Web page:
To most scientists, and to those interested in the sciences, understanding is the ultimate aim of scientific endeavor. In spite of this, understanding, and how it is achieved, has received little attention in recent philosophy of science. Scientific Understanding seeks to reverse this trend by providing original and in-depth accounts of the concept of understanding and its essential role in the scientific process. To this end, the chapters in this volume explore and develop three key topics: understanding and explanation, understanding and models, and understanding in scientific practice.
Earlier philosophers, such as Carl Hempel, dismissed understanding as subjective and pragmatic. They believed that the essence of science was to be found in scientific theories and explanations. In Scientific Understanding, the contributors maintain that we must also consider the relation between explanations and the scientists who construct and use them. They focus on understanding as the cognitive state that is a goal of explanation and on the understanding of theories and models as a means to this end.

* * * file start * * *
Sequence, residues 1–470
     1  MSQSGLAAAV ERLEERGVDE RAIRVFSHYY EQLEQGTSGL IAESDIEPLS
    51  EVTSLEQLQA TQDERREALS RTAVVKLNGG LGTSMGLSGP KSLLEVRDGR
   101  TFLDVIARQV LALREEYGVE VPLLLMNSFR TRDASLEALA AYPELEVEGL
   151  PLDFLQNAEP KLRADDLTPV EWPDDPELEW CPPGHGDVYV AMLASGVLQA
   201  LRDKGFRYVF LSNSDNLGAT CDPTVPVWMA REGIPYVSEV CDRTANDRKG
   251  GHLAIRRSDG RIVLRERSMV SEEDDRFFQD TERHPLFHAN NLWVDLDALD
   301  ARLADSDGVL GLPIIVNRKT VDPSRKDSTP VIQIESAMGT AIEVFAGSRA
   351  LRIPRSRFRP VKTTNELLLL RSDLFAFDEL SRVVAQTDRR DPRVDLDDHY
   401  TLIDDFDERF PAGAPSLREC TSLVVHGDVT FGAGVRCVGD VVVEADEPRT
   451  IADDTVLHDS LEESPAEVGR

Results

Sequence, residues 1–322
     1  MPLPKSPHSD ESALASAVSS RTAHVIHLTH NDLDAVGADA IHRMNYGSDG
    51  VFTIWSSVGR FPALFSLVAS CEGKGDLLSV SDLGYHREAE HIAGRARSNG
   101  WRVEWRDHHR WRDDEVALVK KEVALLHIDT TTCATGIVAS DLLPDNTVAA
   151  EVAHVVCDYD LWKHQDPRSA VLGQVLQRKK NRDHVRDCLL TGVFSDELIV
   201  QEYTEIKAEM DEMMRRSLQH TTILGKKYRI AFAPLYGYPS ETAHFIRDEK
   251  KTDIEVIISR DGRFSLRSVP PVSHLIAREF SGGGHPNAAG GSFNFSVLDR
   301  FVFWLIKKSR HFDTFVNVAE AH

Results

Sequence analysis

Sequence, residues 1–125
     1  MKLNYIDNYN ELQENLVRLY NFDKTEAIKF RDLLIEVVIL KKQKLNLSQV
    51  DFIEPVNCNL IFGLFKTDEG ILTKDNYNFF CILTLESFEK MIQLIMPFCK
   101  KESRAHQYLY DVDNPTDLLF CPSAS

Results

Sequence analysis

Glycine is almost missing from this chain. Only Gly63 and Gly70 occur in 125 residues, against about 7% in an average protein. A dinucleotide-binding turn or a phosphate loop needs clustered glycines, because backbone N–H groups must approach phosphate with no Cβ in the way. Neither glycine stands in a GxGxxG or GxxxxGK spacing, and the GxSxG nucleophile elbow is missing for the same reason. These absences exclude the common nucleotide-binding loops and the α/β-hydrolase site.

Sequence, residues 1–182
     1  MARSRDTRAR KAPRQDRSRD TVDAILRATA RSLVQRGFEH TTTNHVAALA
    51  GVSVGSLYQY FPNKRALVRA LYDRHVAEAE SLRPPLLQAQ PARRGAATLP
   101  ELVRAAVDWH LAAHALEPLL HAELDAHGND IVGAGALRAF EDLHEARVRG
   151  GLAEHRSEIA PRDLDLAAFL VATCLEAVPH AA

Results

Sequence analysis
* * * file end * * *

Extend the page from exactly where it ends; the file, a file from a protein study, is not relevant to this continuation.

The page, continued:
The chapters in this book highlight the multifaceted nature of the process of scientific research. The contributors examine current uses of theory, models, simulations, and experiments to evaluate the degree to which these elements contribute to understanding. Their analyses pay due attention to the roles of intelligibility, tacit knowledge, and feelings of understanding. Furthermore, they investigate how understanding is obtained within diverse scientific disciplines and examine how the acquisition of understanding depends on specific contexts, the objects of study, and the stated aims of research.